3 doctors weighed in:
What is joint hypermobility and is physiotherapy a good treatment option?
3 doctors weighed in

Dr. Robert Leland
Orthopedic Surgery - Foot & Ankle
2 doctors agree
In brief: May help
Joint hypermobility or loose joints result from ligament laxity.
Physical therapy can not truly strengthen ligaments but can help with muscle strength and proprioception and may therefore be beneficial.

In brief: May help
Joint hypermobility or loose joints result from ligament laxity.
Physical therapy can not truly strengthen ligaments but can help with muscle strength and proprioception and may therefore be beneficial.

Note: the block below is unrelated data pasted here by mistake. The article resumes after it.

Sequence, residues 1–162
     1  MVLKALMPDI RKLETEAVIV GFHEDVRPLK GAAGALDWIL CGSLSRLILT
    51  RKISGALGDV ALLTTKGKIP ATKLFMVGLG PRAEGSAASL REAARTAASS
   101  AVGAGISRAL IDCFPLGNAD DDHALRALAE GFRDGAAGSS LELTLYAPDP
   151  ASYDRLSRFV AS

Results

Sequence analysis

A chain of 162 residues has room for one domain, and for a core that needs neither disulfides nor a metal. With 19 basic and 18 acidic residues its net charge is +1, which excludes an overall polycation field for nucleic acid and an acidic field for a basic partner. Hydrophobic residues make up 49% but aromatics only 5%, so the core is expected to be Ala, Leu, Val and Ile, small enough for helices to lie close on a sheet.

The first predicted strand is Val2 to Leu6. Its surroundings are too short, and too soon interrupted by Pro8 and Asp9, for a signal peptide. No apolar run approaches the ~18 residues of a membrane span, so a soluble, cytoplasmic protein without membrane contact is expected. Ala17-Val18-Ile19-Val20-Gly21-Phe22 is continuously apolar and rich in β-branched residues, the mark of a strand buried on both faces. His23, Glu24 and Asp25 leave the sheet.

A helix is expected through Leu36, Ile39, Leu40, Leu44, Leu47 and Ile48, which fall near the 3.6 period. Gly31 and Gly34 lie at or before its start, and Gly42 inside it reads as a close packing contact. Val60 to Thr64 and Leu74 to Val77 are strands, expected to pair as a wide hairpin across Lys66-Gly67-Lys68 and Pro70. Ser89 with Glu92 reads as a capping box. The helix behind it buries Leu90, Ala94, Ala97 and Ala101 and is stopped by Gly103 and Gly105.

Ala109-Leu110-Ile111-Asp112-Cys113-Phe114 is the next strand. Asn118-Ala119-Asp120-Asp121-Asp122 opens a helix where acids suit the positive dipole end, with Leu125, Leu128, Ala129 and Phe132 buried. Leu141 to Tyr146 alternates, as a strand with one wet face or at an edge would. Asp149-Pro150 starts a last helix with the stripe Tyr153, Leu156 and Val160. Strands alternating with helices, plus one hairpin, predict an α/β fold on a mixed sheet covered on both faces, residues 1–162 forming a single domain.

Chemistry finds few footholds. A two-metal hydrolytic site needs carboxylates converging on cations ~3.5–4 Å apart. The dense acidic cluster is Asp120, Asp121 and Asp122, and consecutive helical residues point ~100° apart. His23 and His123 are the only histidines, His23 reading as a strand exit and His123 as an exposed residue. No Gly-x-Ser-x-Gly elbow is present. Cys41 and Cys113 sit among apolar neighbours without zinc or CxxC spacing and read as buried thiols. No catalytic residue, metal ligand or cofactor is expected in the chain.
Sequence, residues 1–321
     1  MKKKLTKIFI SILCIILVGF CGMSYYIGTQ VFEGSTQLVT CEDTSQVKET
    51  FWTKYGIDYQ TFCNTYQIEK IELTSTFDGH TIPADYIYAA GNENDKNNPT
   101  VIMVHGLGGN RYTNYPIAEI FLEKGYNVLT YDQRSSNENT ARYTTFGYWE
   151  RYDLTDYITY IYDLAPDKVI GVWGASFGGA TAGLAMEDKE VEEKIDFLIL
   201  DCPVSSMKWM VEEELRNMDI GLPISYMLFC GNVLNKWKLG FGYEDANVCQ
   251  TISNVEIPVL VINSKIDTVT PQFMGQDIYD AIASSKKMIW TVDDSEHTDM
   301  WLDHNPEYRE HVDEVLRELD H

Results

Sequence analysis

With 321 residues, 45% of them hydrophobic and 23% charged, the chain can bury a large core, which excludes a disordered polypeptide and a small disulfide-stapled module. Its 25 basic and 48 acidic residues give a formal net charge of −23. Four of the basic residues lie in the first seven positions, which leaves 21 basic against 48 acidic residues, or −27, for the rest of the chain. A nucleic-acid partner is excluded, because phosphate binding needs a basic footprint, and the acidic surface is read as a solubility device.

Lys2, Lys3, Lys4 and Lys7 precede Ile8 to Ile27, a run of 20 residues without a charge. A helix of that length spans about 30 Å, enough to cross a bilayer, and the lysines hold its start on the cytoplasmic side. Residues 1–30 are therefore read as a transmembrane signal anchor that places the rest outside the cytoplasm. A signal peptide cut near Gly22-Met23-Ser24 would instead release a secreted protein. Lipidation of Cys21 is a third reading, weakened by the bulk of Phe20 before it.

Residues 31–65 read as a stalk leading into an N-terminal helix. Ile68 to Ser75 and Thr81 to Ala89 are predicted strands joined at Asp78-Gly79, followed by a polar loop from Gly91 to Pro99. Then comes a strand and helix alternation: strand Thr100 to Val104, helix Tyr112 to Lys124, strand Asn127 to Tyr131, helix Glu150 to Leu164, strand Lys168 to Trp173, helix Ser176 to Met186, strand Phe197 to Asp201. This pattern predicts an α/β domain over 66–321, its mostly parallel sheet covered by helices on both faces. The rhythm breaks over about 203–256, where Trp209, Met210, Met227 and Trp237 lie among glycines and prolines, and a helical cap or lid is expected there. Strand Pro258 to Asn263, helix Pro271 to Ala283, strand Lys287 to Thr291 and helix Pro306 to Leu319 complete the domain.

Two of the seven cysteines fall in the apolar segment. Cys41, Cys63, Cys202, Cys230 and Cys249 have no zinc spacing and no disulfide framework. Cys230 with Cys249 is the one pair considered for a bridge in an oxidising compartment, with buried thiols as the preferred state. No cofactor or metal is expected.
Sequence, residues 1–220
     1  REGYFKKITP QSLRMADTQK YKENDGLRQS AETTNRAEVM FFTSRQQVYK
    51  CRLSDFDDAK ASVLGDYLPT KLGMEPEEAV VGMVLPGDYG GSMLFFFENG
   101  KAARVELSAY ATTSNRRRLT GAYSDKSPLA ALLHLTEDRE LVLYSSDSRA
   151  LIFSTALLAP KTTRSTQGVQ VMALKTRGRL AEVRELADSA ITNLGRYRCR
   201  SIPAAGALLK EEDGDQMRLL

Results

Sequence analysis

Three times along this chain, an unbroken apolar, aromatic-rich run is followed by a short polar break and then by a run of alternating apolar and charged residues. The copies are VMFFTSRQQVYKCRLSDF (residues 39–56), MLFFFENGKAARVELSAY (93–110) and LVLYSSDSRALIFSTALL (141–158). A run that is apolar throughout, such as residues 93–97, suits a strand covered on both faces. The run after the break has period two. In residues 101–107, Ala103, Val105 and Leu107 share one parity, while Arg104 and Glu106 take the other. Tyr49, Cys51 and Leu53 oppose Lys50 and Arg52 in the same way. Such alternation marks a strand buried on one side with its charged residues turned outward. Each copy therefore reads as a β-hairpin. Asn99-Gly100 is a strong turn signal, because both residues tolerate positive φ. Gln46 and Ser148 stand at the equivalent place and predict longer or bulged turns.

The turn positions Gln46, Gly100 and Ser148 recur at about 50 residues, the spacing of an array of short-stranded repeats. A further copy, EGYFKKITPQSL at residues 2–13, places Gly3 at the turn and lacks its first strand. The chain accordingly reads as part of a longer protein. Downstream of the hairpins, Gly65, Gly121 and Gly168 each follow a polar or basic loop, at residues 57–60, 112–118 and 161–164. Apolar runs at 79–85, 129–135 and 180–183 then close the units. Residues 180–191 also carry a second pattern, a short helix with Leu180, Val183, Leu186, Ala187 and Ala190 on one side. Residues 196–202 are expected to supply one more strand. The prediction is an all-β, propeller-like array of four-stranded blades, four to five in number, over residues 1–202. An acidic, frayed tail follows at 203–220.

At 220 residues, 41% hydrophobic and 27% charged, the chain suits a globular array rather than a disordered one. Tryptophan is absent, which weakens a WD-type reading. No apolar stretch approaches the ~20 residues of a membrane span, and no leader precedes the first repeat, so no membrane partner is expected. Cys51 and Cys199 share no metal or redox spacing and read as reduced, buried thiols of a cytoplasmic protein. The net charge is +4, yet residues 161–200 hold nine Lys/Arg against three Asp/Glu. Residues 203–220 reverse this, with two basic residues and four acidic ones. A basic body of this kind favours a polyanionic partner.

Dr. Robert Leland
Dr. Robert Leland
Thank
Dr. Bradford Landry
Pediatric Rehabilitation Medicine
In brief: Poorly understood dx
JHS is symptomatic hypermobility.
Many individuals who have hypermobility never have pain or require any treatment. When hypermobility is found associated with pain, or a few other criteria (see Brighton criteria) it is termed JHS. It is presumed to be caused by a defect in collagen but rarely have collagen related genes been implicated (TNXB gene).

In brief: Poorly understood dx
JHS is symptomatic hypermobility.
Many individuals who have hypermobility never have pain or require any treatment. When hypermobility is found associated with pain, or a few other criteria (see Brighton criteria) it is termed JHS. It is presumed to be caused by a defect in collagen but rarely have collagen related genes been implicated (TNXB gene).
Dr. Bradford Landry
Dr. Bradford Landry
Thank
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